An Eye to the East: The Inspiration of Japan @ Greenwich Historical Society

The Greenwich Historical Society located on 39 Strickland Rd. in Cos Cob has organized a new exhibition called, An Eye to the East: The Inspiration of Japan that will be on view through February 26, 2016. Through paintings, prints, photographs, carvings, ceramics and textiles, An Eye to the East looks at the influence of Japanese art and culture in the late 19th and early 20th centuries with a special emphasis on the Cos Cob art colony. There will also be a special exhibition in a separate gallery of the work of Genjiro Yeto, who studied under John Henry Twachtman at the Art Students League in New York and spent part of each year from 1895 to 1901 at the Holley House. The work in this gallery features a recent donation of his work to the Greenwich Historical Society by his granddaughter.

Genjiro Yeto (1867–1924). Untitled [Young Girl Practicing Calligraphy], 1914 Gouache and pencil. Museum purchase with donor funds in memory of Noboru Uezumi, 2008.04

Genjiro Yeto (1867–1924). Untitled [Young Girl Practicing Calligraphy], 1914 Gouache and pencil. Museum purchase with donor funds in memory of Noboru Uezumi, 2008.04

During the early to mid 1800s Japan was a closed nation to the rest of the world and it wasn’t until 1854 when Commodore Matthew Calbraith Perry established a treaty that opened trade between the United States and Japan that the west began to discover the culture of Japan. Perry could never have imagined the far-reaching effect that this trade document would have.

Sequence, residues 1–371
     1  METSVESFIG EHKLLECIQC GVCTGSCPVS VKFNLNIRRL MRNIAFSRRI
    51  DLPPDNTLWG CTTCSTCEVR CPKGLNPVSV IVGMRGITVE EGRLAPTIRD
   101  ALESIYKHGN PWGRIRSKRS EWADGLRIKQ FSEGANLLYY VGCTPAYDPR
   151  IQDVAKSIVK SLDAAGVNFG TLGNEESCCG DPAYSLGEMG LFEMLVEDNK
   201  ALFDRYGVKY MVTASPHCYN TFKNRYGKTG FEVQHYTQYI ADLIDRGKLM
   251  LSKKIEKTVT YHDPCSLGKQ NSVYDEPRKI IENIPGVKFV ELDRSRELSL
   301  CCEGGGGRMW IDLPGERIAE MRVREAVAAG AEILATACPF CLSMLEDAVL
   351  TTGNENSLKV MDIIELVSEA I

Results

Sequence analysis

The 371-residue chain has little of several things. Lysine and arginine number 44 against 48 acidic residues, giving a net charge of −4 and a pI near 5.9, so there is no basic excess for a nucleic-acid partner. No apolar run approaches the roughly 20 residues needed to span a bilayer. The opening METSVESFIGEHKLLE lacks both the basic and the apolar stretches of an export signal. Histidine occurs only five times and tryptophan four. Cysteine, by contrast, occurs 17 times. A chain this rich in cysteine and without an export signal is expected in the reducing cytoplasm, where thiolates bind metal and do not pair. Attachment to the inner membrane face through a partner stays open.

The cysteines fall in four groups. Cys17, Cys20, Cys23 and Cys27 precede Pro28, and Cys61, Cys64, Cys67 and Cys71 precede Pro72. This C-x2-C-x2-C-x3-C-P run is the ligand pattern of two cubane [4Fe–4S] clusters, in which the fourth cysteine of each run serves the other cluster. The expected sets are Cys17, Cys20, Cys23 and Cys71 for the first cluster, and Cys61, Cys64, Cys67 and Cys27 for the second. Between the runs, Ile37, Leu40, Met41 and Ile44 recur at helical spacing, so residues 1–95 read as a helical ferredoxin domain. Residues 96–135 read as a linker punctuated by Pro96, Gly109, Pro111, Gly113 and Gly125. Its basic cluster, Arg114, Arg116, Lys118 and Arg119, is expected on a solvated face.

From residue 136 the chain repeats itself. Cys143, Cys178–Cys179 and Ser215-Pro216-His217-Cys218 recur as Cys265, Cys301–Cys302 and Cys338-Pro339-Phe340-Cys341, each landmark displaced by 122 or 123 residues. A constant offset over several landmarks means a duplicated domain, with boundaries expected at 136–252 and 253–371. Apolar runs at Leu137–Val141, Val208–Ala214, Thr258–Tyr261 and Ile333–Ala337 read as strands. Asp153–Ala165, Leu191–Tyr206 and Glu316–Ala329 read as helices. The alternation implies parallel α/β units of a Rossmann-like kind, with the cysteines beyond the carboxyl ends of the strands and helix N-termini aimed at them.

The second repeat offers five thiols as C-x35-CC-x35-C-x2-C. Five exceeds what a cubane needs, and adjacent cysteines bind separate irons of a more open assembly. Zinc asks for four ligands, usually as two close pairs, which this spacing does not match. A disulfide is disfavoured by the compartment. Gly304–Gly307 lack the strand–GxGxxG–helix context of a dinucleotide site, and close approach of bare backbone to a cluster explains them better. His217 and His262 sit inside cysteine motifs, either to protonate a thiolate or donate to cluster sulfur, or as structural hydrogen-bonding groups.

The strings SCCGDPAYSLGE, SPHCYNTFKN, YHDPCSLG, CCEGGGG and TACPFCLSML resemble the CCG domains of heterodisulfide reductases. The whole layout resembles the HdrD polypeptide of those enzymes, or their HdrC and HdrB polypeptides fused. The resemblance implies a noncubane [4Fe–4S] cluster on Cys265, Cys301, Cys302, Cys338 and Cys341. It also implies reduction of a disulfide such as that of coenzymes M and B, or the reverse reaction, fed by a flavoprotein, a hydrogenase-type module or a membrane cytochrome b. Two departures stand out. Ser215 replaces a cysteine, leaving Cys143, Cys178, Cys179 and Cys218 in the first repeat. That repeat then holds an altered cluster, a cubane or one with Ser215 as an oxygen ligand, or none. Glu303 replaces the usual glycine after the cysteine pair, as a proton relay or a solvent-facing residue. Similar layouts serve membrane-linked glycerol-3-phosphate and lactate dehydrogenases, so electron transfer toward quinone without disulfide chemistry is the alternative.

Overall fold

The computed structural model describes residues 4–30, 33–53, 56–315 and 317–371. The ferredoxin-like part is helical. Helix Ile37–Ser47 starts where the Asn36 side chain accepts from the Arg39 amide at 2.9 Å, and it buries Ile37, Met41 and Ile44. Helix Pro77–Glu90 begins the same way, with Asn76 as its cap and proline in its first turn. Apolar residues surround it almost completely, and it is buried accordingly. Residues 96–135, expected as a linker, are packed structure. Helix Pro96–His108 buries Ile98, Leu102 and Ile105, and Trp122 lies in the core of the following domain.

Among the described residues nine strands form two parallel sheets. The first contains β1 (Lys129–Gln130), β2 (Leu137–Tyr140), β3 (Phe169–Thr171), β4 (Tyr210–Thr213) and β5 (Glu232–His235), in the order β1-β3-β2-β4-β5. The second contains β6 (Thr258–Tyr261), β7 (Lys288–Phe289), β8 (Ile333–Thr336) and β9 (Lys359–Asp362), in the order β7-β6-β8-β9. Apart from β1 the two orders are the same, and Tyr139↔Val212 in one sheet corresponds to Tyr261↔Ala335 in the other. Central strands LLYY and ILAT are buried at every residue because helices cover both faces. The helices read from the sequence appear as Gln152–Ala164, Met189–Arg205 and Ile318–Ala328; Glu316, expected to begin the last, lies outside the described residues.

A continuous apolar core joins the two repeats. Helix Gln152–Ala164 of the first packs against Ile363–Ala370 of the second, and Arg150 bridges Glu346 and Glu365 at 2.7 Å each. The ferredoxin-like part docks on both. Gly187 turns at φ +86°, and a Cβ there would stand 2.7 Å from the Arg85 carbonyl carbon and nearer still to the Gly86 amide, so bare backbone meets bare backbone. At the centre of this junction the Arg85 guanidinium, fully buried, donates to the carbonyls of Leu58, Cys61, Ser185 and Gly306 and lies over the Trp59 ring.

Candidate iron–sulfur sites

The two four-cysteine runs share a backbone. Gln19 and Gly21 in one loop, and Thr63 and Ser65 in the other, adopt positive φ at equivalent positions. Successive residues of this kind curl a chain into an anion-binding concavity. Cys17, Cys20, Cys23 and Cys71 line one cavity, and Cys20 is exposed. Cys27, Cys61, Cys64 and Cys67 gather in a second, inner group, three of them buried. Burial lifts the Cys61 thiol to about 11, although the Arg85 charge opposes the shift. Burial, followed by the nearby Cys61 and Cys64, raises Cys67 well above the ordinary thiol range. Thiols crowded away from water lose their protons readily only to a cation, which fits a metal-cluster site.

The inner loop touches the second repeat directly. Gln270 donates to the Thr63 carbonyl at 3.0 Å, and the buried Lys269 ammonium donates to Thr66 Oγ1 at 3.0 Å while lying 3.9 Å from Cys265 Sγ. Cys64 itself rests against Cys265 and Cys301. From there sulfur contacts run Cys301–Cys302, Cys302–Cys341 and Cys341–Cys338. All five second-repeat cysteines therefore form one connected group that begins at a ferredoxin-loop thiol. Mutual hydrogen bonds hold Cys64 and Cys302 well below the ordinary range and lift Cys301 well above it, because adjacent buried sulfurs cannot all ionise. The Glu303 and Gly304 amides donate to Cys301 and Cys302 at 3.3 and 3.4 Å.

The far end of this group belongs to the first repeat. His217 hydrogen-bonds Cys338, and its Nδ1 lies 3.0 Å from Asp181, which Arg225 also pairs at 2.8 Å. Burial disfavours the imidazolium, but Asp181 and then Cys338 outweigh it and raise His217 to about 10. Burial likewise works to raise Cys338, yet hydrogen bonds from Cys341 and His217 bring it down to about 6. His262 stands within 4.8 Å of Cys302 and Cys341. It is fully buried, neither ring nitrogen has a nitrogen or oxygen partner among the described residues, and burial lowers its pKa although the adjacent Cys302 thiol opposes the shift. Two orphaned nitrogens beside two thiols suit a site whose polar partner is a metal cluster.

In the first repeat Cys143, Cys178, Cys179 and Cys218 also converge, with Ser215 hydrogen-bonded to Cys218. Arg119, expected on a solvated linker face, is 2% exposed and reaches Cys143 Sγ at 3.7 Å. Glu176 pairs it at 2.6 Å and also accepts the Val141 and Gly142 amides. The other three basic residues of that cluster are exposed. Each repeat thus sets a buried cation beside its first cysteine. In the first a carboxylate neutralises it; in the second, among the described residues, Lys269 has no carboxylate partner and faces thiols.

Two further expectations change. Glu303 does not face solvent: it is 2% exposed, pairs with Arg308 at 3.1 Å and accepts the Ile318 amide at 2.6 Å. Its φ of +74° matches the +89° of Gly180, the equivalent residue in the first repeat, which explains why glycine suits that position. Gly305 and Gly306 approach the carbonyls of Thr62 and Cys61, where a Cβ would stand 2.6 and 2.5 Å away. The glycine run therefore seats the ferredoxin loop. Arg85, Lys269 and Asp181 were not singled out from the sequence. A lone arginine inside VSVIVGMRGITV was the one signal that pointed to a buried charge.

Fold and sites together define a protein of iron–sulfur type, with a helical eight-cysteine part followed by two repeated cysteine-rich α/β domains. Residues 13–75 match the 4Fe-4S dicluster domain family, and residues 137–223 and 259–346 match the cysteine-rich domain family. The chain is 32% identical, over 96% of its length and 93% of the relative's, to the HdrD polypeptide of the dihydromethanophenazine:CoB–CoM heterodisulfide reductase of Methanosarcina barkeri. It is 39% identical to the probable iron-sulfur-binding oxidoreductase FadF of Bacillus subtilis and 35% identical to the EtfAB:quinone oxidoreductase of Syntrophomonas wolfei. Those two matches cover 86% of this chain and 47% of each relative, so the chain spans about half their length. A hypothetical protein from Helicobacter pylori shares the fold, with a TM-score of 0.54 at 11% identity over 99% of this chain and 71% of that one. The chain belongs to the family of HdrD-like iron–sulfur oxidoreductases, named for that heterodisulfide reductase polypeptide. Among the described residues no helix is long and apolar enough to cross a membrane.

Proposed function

Within a year, French artist Félix Bracquemond “discovered” the woodblock prints of Hokusai and circulated them among his Paris art circle. Their influence was immediate, and visiting Cos Cob artists John Henry Twachtman, J. Alden Weir and Childe Hassam all took note. The introduction of Japanese art and culture made a splash at International Exhibitions in London (1862), Paris (1867) and Vienna (1873), and resulted in Europe’s captivation with all things Japanese.

The American Civil War delayed the introduction of Japanese art and culture in this country, but upon its introduction at the 1876 Centennial Exhibition in Philadelphia and the 1893 World’s Columbian Exposition in Chicago, the “exotic” Japanese aesthetic was enthusiastically embraced. This exhibition traces the development and influence of Japanese art with a special look at the Cos Cob art colony.

A special tour, “the Curator’s Eye” is being offered with this exhibition and will take place on Wednesdays at 12:15 p.m. This will be a 20- to 30-minute docent-led gallery tour that will focus on exhibition highlights, themes and background stories that provide a framework for better understanding the art and objects on display. Docents will also answer questions and help you zero in on particular points of interest. These value-added tours are included in the price of admission.

For more area information www.visitfairfieldcountyct.com

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